Attention Deficit Hyperactivity Disorder (ADHD) often coexists with other mood disorders such as anxiety or depression. It is necessary to treat both the anxiety and ADHD existing in the same patient, as treating only the ADHD may exacerbate anxiety symptoms, and treating only the anxiety may not help ADHD symptoms.
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The most commonly prescribed medications for ADHD include stimulants such as methylphenidate (Ritalin) and dextroamphetamine and amphetamine (Adderall). While these medications are most effective for ADHD, they can have side effects of elevated heart rate, insomnia, headache, stomachache, decrease in appetite, and nervousness that would exacerbate symptoms of anxiety. When treating patients with both ADHD and anxiety, these drugs are not used, or used in conjunction with an antidepressant to lessen the anxiety provoking symptoms.
Tricyclic antidepressants including desipramine (Norpramin), imipramine (Tofranil), and amitriptyline (Elavil) are commonly used to treat ADHD that is comorbid with anxiety. Tricyclic antidepressants work by inhibiting the reuptake of the neurotransmitters serotonin or norepinephrine back into the brain cells. This prolongs the time the neurotransmitters are signaling, resetting the balance in the ADHD brain. Tricyclics work for patients with both anxiety and ADHD because they do not cause symptoms of nervousness that stimulants do, and they treat the anxiety symptoms.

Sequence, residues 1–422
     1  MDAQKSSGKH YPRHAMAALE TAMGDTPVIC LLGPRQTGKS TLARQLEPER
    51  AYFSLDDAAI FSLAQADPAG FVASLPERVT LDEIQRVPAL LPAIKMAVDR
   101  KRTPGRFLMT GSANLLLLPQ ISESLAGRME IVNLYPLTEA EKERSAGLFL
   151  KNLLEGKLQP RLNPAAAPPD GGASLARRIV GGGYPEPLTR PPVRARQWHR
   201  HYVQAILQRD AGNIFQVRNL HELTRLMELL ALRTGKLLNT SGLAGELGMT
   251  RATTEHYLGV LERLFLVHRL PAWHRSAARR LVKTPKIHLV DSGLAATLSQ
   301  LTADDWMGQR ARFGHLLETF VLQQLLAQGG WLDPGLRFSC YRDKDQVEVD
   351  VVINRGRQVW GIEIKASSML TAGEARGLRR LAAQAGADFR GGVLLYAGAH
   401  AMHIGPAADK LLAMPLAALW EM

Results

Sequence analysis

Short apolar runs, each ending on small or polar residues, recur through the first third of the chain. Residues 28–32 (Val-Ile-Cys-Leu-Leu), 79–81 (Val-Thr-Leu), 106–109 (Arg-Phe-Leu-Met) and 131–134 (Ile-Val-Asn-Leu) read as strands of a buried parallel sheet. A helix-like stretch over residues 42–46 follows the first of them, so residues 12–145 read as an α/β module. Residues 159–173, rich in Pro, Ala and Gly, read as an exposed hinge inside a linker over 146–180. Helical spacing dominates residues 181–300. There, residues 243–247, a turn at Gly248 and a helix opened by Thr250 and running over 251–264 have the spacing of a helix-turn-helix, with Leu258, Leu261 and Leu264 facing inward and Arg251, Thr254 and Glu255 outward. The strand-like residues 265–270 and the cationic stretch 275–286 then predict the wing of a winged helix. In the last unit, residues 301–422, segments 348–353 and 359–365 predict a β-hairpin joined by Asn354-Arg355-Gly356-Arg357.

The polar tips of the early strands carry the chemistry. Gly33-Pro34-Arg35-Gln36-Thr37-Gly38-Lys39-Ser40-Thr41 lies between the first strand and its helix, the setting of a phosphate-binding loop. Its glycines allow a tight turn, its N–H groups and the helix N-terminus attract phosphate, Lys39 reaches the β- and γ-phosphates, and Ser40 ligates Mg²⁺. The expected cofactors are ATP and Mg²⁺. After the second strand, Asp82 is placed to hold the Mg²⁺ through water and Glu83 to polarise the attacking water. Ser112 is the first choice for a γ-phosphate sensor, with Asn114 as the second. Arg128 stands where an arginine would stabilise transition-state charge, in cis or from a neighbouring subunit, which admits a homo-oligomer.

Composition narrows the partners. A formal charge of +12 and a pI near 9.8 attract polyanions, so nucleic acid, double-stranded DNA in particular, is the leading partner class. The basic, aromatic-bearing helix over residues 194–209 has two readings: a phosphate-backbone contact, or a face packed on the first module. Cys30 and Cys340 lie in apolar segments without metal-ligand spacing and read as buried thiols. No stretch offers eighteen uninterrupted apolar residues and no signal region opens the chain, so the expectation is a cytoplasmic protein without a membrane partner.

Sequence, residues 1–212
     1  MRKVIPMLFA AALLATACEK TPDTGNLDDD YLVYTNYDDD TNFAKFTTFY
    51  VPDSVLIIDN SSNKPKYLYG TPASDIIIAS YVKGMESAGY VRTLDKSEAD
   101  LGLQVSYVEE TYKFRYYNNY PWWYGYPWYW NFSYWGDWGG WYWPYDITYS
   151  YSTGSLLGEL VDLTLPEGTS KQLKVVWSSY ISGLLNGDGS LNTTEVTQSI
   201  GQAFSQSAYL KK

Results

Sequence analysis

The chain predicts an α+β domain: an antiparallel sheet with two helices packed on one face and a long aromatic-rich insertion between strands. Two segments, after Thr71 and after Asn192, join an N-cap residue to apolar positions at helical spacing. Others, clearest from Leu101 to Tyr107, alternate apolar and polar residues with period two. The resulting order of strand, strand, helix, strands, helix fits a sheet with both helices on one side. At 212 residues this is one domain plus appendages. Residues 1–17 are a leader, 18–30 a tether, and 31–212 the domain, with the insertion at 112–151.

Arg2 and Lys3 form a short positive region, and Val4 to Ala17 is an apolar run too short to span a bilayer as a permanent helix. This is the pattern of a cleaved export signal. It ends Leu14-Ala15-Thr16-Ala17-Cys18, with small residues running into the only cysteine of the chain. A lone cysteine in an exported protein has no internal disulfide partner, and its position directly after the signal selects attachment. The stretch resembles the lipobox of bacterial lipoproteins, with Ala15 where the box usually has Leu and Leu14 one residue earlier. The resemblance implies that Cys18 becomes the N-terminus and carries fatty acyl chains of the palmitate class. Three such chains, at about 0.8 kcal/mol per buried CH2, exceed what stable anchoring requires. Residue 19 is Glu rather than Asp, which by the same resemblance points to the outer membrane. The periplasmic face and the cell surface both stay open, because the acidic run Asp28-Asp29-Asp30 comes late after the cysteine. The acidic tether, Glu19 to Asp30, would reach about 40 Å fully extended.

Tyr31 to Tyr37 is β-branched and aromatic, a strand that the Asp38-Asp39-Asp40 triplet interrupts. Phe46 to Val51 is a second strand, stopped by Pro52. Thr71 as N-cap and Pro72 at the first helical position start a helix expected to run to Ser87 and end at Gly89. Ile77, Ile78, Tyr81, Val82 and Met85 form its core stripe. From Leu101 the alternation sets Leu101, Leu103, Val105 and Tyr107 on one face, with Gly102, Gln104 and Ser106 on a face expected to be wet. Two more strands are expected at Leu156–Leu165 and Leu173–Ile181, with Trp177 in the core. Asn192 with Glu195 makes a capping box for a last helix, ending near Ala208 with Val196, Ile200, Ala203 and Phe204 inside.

Another antidepressant, bupropion hydrochloride (Wellbutrin), is often prescribed for those with both anxiety and ADHD. Wellbutrin inhibits the reuptake of the neurotransmitter dopamine back into the brain cells, but may have other mechanisms of action.
Antidepressants are usually used in conjunction with stimulants to treat comorbid ADHD and anxiety, although some patients can be treated with antidepressants alone.
Other Classes of Medications
Clonidine, originally used to treat high blood pressure in adults, and guanfacine, are two adrenergic agonists used to treat ADHD in patients unresponsive to stimulants, or those with anxiety present. These drugs are used less often because of their sedation effects.
- The Merck Manual
- "Taking Charge of ADHD: the Complete, Authoritative Guide for Parents," Russell A. Barkley; 2000
- "Molecular Neuropharmacology: A Foundation for Clinical Neuroscience," Eric Nestler, Steven Hyman, and Robert Malenka; 2001